Sakura Binocular Prano and Idea Binocular

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Japanese plate cameras, folding bed (edit)
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tefuda (8×10.5cm) Eagle | Idea A | Idea B | Idea No.1 | Idea (metal) | Iris | Lily (original) | Lily (horizontal) | Lily (metal) | Palma | Pearl No.3, No.4 | Minimum Pearl | Special Pearl | Sakura Palace | Sakura Pocket Prano | Star | Tokiwa | Weha
nimaigake (8×12cm) Eagle | Idea | Idea Binocular | Sakura Prano | Sakura Binocular Prano | Star Premo
hagaki (8×14cm) Eagle | Noble | Pearl No.3, No.4 | Star
kabine (12×16.5cm) Idea | Noble | Sakura Prano | Star Premo
Japanese plate film: monocular, box, strut-folding and SLR ->
3×4 and 4×4, 4×5 and 4×6.5, 4.5×6, 6×6 and 6×9 ->
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8×12cm Idea Binocular | Sakura Binocular Prano
3×4 and 4×4, 4×5 and 4×6.5, 4.5×6, 6×6, 6×9 and plate ->

The Sakura Binocular Prano (さくら双眼プラノ)[1] is a Japanese stereo camera made from 1907 by Rokuoh-sha, the manufacturing branch of Konishi (predecessor of Konica). It was succeeded by the similar Idea Binocular (アイデア双眼) in 1909.


The Sakura Binocular Prano is a derivative of the Sakura Prano, taking two nimaigake-size (8×12cm)[2] plates for each stereo exposure. The body is very similar to that of the single-lens camera, itself copied from the Rochester Pony Premo, but it is longer to accommodate the two exposure frames. The camera has double extension bellows driven by a small wheel on the photographer's right. The straight folding struts are maintained in position by a screw. The front standard consists of various parts assembled to form a rectangle, and allows vertical and perhaps horizontal movements. The brilliant finder is attached to the top of the lensboard, above the right-hand lens.


The Sakura Binocular Prano was the first Japanese stereo camera, released in 1907.[3] Original documents reportedly mention Bausch & Lomb Symmetrical f/8 lenses and an Automatic (T, B, 1–100) shutter by the same company.[4] It is said that two versions were available, called No.4 (¥98) and No.6 (¥135).[5] Among the single-lens models, it seems that the Sakura Prano No.6 differs from the No.4 by its triple extension bellows, and this is probably true of the stereo models as well.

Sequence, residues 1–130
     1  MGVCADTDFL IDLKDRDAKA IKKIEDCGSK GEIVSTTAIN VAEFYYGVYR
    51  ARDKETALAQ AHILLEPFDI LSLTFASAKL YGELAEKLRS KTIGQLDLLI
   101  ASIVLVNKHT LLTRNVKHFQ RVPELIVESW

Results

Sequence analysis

The only surviving example of the Sakura Binocular Prano known so far reportedly has Bausch & Lomb Extra Rapid lenses. The main body is leather-covered wood, and the inside of the folding bed and other apparent wood parts are varnished.

The Idea Binocular was a renaming of the Sakura Binocular Prano, released in 1909.[6] It seems that the catalogue entries for this model were illustrated with the exact same drawing as for the Sakura Binocular Prano.[7] A catalogue by Ueda Shashinki-ten dated 1909 has the Idea Binocular No.4, priced at ¥98 with a Symmetrical lens and an "Auto" shutter, both made by Bausch & Lomb.[8]

The December 1911 catalogue by Konishi Honten lists the Idea Binocular No.4 at the same price of ¥98, along with a No.6 priced at ¥135.[9] The lens and shutter are the same.

One source says that the camera was offered in 1914 in nimaigake (8×12cm) and kabine (12×16.5cm) size, but this is unconfirmed.[10]


  1. The name "Prano" is sometimes written "Plano" by mistake. The two spellings would be pronounced the same in Japanese, but "Prano" is confirmed by an advertisement reproduced in this page at R. Konishi Rokuoh-sha.
  2. Many sources say that nimaigake corresponds to 4×5in, but the actual measurements given in this page at R. Konishi Rokuoh-sha do not confirm this.
  3. Date: Sakai, pp.18 and 23 of Kurashikku Kamera Senka no.10, this page of the Center of the History of Japanese Industrial Technology and this page at R. Konishi Rokuoh-sha.
  4. Sakai, p.18 of Kurashikku Kamera Senka no.10.
  5. Sakai, p.18 of Kurashikku Kamera Senka no.10.
  6. Date: this page and this page at R. Konishi Rokuoh-sha. Kikuoka, p.28 of Kurashikku Kamera Senka no.10, says January 1914 but this is a mistake.
  7. Compare the drawings reproduced in Sakai, p.18 of Kurashikku Kamera Senka no.10, and in Kikuoka, p.28 of the same magazine.
  8. Catalogue extract reproduced in this page at R. Konishi Rokuoh-sha. The "Auto" shutter name is hardly legible.
  9. December 1911 catalogue of Konishi Honten, p.11.
  10. Kikuoka, pp.28 and 31 of Kurashikku Kamera Senka no.10. The table on p.31 seems to imply that No.4 is in nimaigake-size and No.6 is in kabine-size, and that the camera has Extra Rapid lenses by Bausch & Lomb.



In Japanese:

Konishiroku prewar and wartime cameras (edit)
plate hand cameras stereo hand cameras strut folders box telephoto SLR
Idea (original) | Idea A | Idea B | Idea Snap | Idea No.1 | Idea (metal) | Lily (original) | Lily (horizontal) | Lily (metal) | Tropical Lily | Noble | Ohca | Sakura Palace | Sakura Pocket Prano | Sakura Prano Idea Binocular | Sakura Binocular Prano Minimum Idea | Idea Spring | Korok Champion | Cherry | Sakura Army | Sakura Honor | Sakura Navy Idea Telephoto Idea Reflex (1910 and 1911) | Idea Reflex (1932) | Neat Reflex | Sakura Reflex Prano
rollfilm folders box or collapsible TLR
Pearlette | Special Pearlette | B Pearlette | Pearl (for plates and rollfilm) | Pearl No.2 | Pearl (Year 8) | Baby Pearl | Semi Pearl | Sakura Palace Record | Sakura (box) | Sakura (bakelite) Sakura-flex